San Diego Business Journal

New Wrinkle Remover May Hit the Market This Fall
Biotech: Artes Medical Closer to Winning FDA Approval After Panel's OK


A European wrinkle product used to create luscious lips and fill in wrinkles could make its way into the $7 billion U.S. cosmetic surgery marketplace as early as this fall.

The injectable treatment, Artecoll, formulated by San Diego-based Artes Medical Inc.'s German-born chief scientific officer, received a 4-1 recommendation from a Food and Drug Administration advisory panel Feb. 28 to correct soft tissue defects, including facial wrinkles, animal bites and acne scars.

The firm did not try to win U.S. approval for lip injections.

Rees Orland, president and chief operating officer of Artes Medical, said under the panel recommendation, doctors should be trained to inject the product properly.

The panel also said that patients should be informed of the potential risks, which can include lumps in the face, Orland said.

The panel also recommended that the firm conduct post-marketing studies, which include following the patients for three to five years following treatment with Artecoll.

Orland said the firm's top managers have been meeting with FDA officials nearly every week for the past several months to discuss Artecoll's approval.

When asked about the FDA's requirements for final approval, Orland said: "We have to agree with the agency on how we are going to label the product with regard to the recommendations the panel made."

"That entails discussions and agreement on the specific terminology used."

Orland expects final approval as early as this summer, which would put Artecoll on track for marketing launch this fall.

Dr. Stefan Lemperle, chief executive of Artes Medical, has said the firm will need to seek additional funding to launch the product nationwide, as planned. Orland however, refused to comment on funding.

Artecoll, which has been marketed in some European countries since 1994 and in Canada since 1998, is a toothpaste-like blend of tiny Plexiglas beads, bovine collagen, and the painkiller lidocaine.

It has been injected in some 150,000 people worldwide to plump up lips and fill in deep smile lines and acne scars.

FDA reviewer Binita Ashar said 16.3 percent of patients treated with Artecoll experienced an "adverse effect," such as redness and lumping. That compares to 13 percent of collagen patients with adverse effects. More patients had lumpiness that persisted beyond six months, Ashar said.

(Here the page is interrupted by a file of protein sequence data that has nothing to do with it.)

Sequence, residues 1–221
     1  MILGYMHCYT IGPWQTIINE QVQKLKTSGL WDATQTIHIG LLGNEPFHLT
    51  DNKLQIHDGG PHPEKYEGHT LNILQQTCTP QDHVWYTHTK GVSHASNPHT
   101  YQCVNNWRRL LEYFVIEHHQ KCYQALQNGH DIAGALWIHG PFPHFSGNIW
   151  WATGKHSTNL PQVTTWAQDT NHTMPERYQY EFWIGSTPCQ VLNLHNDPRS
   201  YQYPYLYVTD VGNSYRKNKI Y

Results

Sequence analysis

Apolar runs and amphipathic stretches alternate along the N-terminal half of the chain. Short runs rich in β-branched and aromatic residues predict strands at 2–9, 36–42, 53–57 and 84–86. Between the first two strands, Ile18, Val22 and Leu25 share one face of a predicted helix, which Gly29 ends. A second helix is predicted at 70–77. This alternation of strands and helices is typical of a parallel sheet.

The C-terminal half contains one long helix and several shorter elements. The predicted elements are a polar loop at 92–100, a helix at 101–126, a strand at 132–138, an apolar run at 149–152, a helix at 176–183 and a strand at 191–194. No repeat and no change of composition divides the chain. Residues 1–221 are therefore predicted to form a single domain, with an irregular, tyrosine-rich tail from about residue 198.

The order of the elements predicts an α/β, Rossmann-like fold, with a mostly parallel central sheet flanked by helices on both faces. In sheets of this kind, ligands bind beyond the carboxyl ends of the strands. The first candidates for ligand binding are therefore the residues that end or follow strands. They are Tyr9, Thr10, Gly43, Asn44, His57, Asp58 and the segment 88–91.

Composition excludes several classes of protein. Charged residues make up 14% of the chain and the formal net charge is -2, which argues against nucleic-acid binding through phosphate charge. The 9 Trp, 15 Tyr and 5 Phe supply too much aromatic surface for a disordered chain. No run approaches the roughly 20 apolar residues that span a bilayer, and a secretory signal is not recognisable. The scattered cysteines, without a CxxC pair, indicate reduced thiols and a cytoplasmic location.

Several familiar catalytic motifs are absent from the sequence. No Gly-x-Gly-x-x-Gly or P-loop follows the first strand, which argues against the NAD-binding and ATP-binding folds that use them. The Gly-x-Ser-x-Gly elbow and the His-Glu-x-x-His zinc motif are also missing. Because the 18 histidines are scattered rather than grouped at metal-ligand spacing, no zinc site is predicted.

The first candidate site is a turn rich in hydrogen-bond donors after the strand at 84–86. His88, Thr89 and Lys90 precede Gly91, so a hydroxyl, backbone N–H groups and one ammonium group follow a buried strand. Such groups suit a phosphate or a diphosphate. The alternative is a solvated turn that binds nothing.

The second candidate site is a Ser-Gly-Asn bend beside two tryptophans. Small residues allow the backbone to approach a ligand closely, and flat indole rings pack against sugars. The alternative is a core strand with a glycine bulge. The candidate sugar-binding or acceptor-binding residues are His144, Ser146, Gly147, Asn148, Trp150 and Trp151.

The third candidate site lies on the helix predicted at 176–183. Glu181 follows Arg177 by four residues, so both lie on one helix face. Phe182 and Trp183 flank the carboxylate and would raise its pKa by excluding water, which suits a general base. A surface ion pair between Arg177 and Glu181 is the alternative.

Orland said the number of Artecoll patients with adverse side effects is not "statistically relevant," or so low that it can't be regarded as different from collagen.

The two products, however, are vastly different. Artecoll is formulated to be permanent typically after two injections.

Collagen lasts only a few months.

In Europe, the Swiss federal office of health recommended in December 2001 that doctors stop using permanent cosmetic fillers, including those containing Plexiglas beads, because of complications, such as inflammation that can occur long after an injection. The cosmetic benefits of a filler do not counterbalance those risks, the office said.

Some Canadian doctors, have also warned of the potential risks. Dr. Claudio De Lorenzi, a plastic surgeon in Toronto, said he stopped using Artecoll in the lips, because of the high incidents of lumps. Artes Medical's CEO refuted these findings, saying only 1 in 10,000 people with Artecoll get lumps.

If approved, Artecoll is likely to be used "off-label," or for uses other than what is indicated by the labeling, including lip augmentation.

Beverly Hills plastic surgeon Dr. Douglas Hamilton, who has been testing Artecoll for years, said he injects some 10 to 15 clients every day for lip augmentations and plans to use Artecoll in the lips once it is approved.

Artes Medical plans to sell the product in the United States under the name Artefill.